Dynamic range was awesome! The system did not seem to compress crescendos at all, and that, plus its tremendously fast attacks, gave music a quality of vitality and excitement I rarely hear reproduced. The highs had that combination of smoothness, openness, and extraordinary attack speed that is unique to live acoustical music, and the system was truly awesome in its ability to reveal differences between recordings. Neither intrinsically warm nor cool, its sound reflected that of the recording as well if not better than any system I can recall having heard.

Of course, there's a price to be paid for this kind of accuracy: it does nothing to glorify the sound of recordings. It didn't exaggerate tape overload, scrape flutter, vinyl distortion, or surface noise, but it didn't much minimize them either. The bright side was that the better the recording, the more realistic it sounded. My symphonic recordings from last season (made with a single M/S pair of mikes mounted 4 feet above and 8 feet behind the conductor's head) sounded very much like what I hear from row G in the hall, including the locations of instruments.

The C7 did not, however, have quite the mercilessly analytical detail of the best professional monitors, and I'm not sure that's such a good thing. If I were to pick nits, I would say the C7 was slightly deficient in that part of the lower midrange that contributes the "aw" quality of cellos and the big brass instruments, and slightly less deficient in that part of the high end that contributes the staccato edge of crackling noises and a trombone's blat. (I've heard only two systems that surpass the C7 in these areas, and both were made by pro firm Westlake Audio. Steve Kregling implied that the C7 might be just a little less revealing than ATC's studio monitors, thus raising the possibility of reviewing one of their powered studio speakers in the future.)

There were a couple of other minor quibbles. For one, the center channel is about a foot and a half lower than the L/R speakers, which caused a slight but definite height discontinuity. Soundstage-wide rows of instruments sounded as if ranged in a shallow U. Raising the center-channel eliminated the discrepancy, but the screen was then too close to the unit's polished top, which reflected the picture—very distractingly. Black fabric draped across the top got rid of the reflection, but why a polished top to begin with? Perhaps some of the C7's styling features warrant reconsideration.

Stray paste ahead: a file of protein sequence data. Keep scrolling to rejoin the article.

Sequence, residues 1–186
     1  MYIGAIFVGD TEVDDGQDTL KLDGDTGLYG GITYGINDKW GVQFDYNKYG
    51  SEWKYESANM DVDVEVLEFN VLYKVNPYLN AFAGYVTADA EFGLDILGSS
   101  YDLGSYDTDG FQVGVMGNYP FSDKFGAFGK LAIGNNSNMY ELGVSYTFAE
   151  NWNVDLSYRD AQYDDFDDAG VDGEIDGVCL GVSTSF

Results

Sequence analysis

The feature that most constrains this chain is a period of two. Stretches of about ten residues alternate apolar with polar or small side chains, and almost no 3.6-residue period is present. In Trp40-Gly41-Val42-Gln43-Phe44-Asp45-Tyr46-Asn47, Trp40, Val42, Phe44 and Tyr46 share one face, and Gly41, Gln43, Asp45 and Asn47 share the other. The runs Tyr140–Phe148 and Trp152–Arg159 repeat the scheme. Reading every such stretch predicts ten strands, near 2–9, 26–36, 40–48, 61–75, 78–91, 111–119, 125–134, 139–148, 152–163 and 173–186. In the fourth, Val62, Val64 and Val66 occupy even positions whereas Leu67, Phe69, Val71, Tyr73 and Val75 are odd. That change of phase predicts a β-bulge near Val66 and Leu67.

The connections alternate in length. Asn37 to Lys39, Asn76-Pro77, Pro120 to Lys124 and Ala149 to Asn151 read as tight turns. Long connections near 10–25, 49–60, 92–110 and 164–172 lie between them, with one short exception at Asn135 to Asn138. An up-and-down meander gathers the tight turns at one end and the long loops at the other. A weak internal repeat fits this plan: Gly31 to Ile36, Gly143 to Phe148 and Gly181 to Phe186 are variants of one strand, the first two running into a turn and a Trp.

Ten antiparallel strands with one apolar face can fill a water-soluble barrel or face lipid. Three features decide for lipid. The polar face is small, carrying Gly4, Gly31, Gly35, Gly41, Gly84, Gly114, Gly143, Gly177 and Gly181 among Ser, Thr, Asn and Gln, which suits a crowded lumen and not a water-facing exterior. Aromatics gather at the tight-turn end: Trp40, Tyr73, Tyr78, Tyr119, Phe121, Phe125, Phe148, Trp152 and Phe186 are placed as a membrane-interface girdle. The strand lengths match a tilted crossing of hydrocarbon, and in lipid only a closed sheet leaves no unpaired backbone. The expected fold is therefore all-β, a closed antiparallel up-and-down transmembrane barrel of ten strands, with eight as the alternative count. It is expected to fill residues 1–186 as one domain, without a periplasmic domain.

Breathless Conclusion
I have never before heard a system that does so many things so nearly perfectly. Despite my quibbles about the Concept 7's reproduction of cellos and the biggest brass instruments, everything else sounded so amazingly like the real thing that the differences hardly mattered. The C7 answered once and for all the question of whether any one system can do equal justice to music and soundtracks, and the answer is a resounding Yes. In fact, the C7 transcended any considerations of personal preference for one "kind" of sound or another. It just was. To anyone who knows the sound of real music, everything about the C7 should sound simply and ineffably right. The system was so much better than anything else I've heard that it makes more sense to compare it with real sound than with other systems.

Is it really worth $93,000? Only, to my mind, if there's nothing else available that sounds as good and costs less, and I'm not at all sure there is. I'm going to be auditioning more studio monitors in future—maybe I'll find something I can recommend to people who can't afford a $93,000 system no matter how good it is. Meanwhile, the Concept 7 is my nomination for best speaker system in the world. Recommended, of course.